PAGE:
how often should i bathe my dog

How Often Should I Bathe or Groom My Dog or Cat?

Dogs and cats, much like humans, need regular grooming for proper hygiene and overall health. The extent of that grooming will depend on a variety of factors, including your pet’s breed, health and lifestyle. A dog also has very different bathing and grooming needs than a cat.

These bathing and grooming tips will give you a starting point to help your pet look, feel and smell his or her best.


How Often Should I Bathe My Dog?

As a veterinarian, one of the questions I get most is, “How often should I bathe my dog?” The answer depends on a few things. First, what breed is your dog? Short-hair dogs, such as German Shorthaired Pointers, can typically go longer in between baths. Their coats naturally shed dirt and oil.

However, it’s not just about the length of their coat. Some breeds with short hair, like the Basset Hound, tend to have oilier skin, which might mean they need a more regular cleaning.

Generally speaking, it’s a good idea to bathe your dog at least once a month. If they seem overly dirty or smelly, you can always up the frequency in a given month. If you notice their skin looks dried out, however, check with your veterinarian to see if you should tailor back on their baths or, at the least, switch shampoos.

How to Bathe a Dog

Before bathing your dog, you’ll need to get a few supplies, including:

  • A veterinarian-recommended shampoo for your dog’s breed (never use a shampoo or conditioner made for humans on a dog)

  • Dog brush

  • Grooming glove or grooming tool (pet owners seem to love this Aquapaw Pet Bathing Tool)

  • Nonslip, waterproof shower or bath mat for your dog to stand on

  • Waterproof collar and leash

  • Towels

  • Dog treats

  • A cushion for you to kneel on

Next, choose your location: inside in the bathroom or outside with a hose. It’s really a matter of personal preference for both you and your dog. Outside means less clean-up after the bath, but the water temperature may be a little colder. If you opt for indoors, pet owners tend to prefer using a removable showerhead nozzle, which allows you to control the water pressure and temperature.

Prepare the area, setting up your supplies. Make sure your dog is wearing a collar and leash, in case they try to run away mid-bath. Using the removable showerhead, wet your dog’s coat from the rear forward, underneath their belly and along each leg and paws. Using the grooming glove or tool, massage the dog-formulated shampoo into her coat. Follow the directions on the bottle and then rinse when finished.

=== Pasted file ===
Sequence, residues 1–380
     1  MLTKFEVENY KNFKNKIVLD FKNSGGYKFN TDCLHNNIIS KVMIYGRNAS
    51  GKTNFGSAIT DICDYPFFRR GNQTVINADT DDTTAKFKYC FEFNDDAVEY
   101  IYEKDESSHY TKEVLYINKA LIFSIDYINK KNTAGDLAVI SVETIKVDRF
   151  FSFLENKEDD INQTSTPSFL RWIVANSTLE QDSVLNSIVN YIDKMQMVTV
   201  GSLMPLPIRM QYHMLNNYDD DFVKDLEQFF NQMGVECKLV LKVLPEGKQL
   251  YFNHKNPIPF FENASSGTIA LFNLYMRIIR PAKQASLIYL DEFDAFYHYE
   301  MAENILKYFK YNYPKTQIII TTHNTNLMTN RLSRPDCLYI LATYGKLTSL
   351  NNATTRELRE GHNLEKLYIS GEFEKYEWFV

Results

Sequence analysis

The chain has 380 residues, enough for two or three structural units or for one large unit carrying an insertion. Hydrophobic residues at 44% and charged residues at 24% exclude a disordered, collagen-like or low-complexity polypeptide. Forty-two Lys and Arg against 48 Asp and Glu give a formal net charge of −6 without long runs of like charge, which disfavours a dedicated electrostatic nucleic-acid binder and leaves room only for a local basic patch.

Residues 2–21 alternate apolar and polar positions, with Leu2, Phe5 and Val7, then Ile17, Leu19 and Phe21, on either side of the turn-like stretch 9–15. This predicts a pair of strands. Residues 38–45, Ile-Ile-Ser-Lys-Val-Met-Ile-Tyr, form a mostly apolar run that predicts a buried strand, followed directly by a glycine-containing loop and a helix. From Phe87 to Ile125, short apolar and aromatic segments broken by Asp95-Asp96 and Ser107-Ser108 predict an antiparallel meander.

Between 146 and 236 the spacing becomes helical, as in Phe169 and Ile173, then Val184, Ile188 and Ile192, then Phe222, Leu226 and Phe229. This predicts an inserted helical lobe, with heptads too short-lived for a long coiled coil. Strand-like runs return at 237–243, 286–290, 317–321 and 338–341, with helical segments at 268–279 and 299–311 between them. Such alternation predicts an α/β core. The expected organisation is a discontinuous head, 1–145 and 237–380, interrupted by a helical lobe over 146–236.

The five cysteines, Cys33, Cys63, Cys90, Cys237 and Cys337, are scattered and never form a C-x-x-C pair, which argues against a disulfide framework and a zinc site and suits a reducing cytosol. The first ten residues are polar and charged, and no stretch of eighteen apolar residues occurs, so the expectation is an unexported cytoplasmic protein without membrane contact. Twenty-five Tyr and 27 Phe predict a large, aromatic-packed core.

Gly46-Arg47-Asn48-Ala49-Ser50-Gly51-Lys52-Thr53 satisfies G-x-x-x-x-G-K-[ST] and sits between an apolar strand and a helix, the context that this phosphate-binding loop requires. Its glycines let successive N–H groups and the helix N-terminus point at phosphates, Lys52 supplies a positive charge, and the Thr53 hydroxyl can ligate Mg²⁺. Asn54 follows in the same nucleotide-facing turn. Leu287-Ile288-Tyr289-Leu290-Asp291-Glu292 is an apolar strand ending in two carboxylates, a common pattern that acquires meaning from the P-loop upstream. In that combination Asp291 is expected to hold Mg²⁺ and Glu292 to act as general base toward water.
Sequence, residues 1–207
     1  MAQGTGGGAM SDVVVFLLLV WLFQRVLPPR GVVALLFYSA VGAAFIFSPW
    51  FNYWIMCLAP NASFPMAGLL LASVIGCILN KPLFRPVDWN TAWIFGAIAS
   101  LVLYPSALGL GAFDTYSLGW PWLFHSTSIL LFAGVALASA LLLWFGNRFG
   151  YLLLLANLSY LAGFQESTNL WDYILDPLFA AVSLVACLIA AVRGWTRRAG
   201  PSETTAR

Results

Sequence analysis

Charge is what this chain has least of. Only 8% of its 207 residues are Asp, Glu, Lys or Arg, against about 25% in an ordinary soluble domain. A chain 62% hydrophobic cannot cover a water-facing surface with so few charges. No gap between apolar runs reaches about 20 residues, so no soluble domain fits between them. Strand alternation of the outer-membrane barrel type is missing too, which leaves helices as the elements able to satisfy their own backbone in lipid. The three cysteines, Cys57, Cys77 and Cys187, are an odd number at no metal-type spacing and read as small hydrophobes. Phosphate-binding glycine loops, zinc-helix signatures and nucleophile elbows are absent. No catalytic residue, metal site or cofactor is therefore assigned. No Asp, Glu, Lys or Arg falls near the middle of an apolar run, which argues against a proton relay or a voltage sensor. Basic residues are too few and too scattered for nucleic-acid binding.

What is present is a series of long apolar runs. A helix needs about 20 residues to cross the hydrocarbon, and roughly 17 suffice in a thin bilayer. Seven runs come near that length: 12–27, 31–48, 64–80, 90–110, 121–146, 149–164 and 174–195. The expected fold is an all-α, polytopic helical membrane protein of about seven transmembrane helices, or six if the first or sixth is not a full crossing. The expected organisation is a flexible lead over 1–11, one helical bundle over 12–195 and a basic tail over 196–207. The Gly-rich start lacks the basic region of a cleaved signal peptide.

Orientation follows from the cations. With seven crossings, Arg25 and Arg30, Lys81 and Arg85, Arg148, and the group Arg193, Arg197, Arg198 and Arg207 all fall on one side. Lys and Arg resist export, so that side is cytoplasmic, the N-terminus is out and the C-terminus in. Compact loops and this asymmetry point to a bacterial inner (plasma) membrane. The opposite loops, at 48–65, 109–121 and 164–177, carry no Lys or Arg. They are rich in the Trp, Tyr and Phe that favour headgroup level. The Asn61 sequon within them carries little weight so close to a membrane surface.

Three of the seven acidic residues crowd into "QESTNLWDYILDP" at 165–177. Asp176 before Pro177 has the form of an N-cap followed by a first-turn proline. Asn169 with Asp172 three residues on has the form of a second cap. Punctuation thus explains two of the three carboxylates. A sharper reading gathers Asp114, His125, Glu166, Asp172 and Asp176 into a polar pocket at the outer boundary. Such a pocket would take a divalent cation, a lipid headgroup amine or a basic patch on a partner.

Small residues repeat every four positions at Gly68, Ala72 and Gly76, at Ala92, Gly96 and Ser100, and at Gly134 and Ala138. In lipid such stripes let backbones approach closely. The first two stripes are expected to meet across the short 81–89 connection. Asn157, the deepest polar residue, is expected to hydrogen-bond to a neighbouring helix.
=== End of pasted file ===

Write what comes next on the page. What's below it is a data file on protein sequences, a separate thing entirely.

Dry off your dog’s coat with the towel, which will most certainly be their favorite part. Keep treats handy to reward your dog after the bath.

A Checklist of Regular Grooming Needs for Your Dog

  • Coat brushing – Brushing a dog’s coat benefits the pet and the owner alike. For the pet, it removes dirt and distributes their natural oils throughout their coat. It also prevents matting. For the owner, it helps reduce shedding around the house. Win-win! Ask your veterinarian how often you should brush your dog and what type of brush to buy, based on her breed and coat.

  • Ear cleaning – Start by gently folding back your dog’s ear. Dampen a cotton ball with liquid ear cleaner formulated for dogs. If you can see wax or debris, lift it (don’t rub) using the cotton ball. Do not insert anything into your dog’s ear canal, as that could cause damage. Each time your dog gets a bath (at least once a month), check their ears and clean as needed.

  • Nail trimming – Are your dog’s nails touching the ground when she walks? That’s a sign they need trimming. You can take the dog into a professional groomer to get their nails trimmed or do it yourself, using these tips from the American Society for the Prevention of Cruelty to Animals (ASPCA).